The first song is “Happy Xmas (War Is Over)” which I feel is the Christmas song they might be best known for.  It’s pretty traditional to the original, with the choir filling in for the kids.  The addition of horns really adds a lot to it.

“Silver Bells” gets a pretty rocking treatment–the buildup at the beginning is pretty cool.  They change the main melody to an almost circus-like waltz. I love the way it sounds when everyone joins in–and when the choir is singing along to the rocking end (with a very different melody) it sounds great.  But once again DeLaughter’s voice doesn’t seem up to the task of leading this larger group.

But it’s festive and fun, especially with everyone in red robes (and DeLaughters green one).

[READ: December 2016] Christmas Stories (1854-1864)

Last year, I started reading some Charles Dickens Christmas Stories in December.  I imagined that I’d finish the whole book this season (all 750 pages of it), but I didn’t come close.  I enjoy these stories but they are not quick reads by any standard.

The fascinating thing with a lot of these stories is that they appeared in All the Year Round, a Victorian periodical founded and owned by Dickens and published between 1859 and 1895 throughout the United Kingdom.  But just because these stories came out for the Christmas issue doesn’t mean they have anything to do with Christmas directly.

I thought I’d be reading a whole chunk of the book in a row, but I wound up skipping around a bit.  Maybe next year I’ll finish the remaining stories. (more…)

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dfwreadSOUNDTRACK: CHRISTIAN SCOTT aTUNDE ADJUAH-Tiny Desk Concert #477 (October 9, 2015).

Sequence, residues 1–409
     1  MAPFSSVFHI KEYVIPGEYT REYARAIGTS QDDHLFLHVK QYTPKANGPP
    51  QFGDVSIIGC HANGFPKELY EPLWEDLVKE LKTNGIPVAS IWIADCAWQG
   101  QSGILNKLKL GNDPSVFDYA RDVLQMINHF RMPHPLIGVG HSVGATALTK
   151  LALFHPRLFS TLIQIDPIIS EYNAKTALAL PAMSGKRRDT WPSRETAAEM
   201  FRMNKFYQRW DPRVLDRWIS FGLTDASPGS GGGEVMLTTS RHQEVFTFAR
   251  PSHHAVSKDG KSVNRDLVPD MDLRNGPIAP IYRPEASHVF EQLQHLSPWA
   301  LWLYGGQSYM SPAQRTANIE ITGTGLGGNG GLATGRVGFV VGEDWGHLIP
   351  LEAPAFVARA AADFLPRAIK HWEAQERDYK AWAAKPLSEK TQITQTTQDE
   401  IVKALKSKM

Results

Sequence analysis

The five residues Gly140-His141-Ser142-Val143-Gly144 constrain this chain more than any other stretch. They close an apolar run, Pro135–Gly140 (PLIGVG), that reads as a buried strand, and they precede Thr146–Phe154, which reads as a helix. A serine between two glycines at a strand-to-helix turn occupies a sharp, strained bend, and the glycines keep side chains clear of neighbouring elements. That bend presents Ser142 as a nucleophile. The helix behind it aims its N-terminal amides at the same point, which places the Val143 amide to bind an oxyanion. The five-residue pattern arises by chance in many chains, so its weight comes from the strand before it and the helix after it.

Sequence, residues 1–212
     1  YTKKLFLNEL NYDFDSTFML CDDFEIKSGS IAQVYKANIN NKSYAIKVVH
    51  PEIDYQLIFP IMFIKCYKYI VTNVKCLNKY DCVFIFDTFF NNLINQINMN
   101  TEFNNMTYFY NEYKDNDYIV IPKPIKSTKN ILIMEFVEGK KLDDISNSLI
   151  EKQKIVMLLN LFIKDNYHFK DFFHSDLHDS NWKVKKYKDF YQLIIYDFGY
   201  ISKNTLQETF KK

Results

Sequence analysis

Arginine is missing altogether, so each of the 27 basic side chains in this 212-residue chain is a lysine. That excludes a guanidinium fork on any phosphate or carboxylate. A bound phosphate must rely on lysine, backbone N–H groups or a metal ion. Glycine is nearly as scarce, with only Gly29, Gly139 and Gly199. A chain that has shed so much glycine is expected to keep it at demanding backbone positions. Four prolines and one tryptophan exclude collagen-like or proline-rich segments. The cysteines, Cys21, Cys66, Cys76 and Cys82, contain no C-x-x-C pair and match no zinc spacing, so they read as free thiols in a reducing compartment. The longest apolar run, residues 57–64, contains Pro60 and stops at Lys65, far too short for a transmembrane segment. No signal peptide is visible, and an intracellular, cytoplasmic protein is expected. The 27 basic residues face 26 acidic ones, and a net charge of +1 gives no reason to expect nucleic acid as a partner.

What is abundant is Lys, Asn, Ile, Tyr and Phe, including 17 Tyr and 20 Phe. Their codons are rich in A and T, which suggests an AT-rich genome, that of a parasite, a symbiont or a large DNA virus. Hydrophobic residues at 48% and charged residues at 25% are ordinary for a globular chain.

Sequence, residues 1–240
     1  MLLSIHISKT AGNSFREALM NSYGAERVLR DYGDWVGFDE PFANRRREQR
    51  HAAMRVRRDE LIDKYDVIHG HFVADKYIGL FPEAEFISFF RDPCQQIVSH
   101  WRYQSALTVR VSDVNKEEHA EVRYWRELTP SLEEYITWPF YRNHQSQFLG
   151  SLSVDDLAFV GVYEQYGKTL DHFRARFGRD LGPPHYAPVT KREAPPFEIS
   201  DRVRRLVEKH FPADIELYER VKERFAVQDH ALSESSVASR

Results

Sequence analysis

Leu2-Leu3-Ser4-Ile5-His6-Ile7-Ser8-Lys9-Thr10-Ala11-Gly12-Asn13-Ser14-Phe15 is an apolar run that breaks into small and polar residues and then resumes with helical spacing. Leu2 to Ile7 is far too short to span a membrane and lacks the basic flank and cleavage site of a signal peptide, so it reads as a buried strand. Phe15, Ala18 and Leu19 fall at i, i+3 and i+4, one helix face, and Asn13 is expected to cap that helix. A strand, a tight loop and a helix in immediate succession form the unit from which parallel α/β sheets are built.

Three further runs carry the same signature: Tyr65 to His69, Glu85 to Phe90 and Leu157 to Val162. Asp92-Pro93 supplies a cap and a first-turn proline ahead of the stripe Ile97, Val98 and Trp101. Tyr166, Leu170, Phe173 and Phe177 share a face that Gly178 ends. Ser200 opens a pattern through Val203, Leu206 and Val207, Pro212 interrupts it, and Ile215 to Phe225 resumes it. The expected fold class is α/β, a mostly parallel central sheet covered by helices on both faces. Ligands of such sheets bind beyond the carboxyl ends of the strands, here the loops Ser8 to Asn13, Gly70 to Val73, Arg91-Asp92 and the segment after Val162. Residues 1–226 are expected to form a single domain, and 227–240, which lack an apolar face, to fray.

aacsChristian Scott aTunde Adjuah and his septet play what he calls stretch music: “the particular type of jazz fusion he’s up to: something more seamless than a simple collision of genre signifiers.”

They note that even his appearance stretches traditional jazz: “You may note that he showed up in a Joy Division sleeveless T-shirt and gold chain.” It’s sleek and clearly modern, awash in guitar riffs, but also bold and emotionally naked.

Christian Scott aTunde Adjuah (not sure how to abbreviate that) is a trumpeter and he can hit some loud powerful and long –held notes.   It’s funny that when he bends over the trumpet grows quieter—those ic really are direction-based.

For the first song “TWIN” he does some impressive soloing over a simple and cool beat—piano and delicate guitar riffs (there’s also an upright bass and drummer).   After his lengthy solo there’s a flute solo that also works perfectly (if less dramatically) with the background music.  (Christian plays tambourine during her solo).  He says that this song is about being a twin.  His brother, Kyle Scott is a film director and for whom Christians scores the music.  Christian also explains that he comes from an African-American and Native-American background and that this song has rhythms as a sort of history of his family that touches on Mali, Senegal Gambia and The Ivory Coast and makes its way to the Caribbean, Cuba and into New Orleans.

He’s pleased to play the Tiny Desk Concert for an audience that appreciates “Music that has nutritional value.”

For the second song, “West of the West” he brings on a young alto-saxophonist who plays with his drummer in a different band. The song opens with a rocking electric guitar solo and then the jazzy band kicks in behind it.  The instrumental features a couple of solos by the saxophonist, the pianist and the bassist.

“K.K.P.D.” is a dramatic song for which he gives a lengthy back story.  Many years ago in his home of New Orleans, he was stopped by New Orleans police late at night for no reason other than to harass and intimidate him.  he was coming back from a gig.  He resisted and was in a serious situation and was seriously threatened—the story is long and very affecting, especially given how articulate (I know, terrible word, but true) and calm he is about retelling this horrifying story.  His pride almost made him do something ill-advised, but instead he channeled that pent-up frustration into a piece of music whose long-form title is “Ku Klux Police Department.”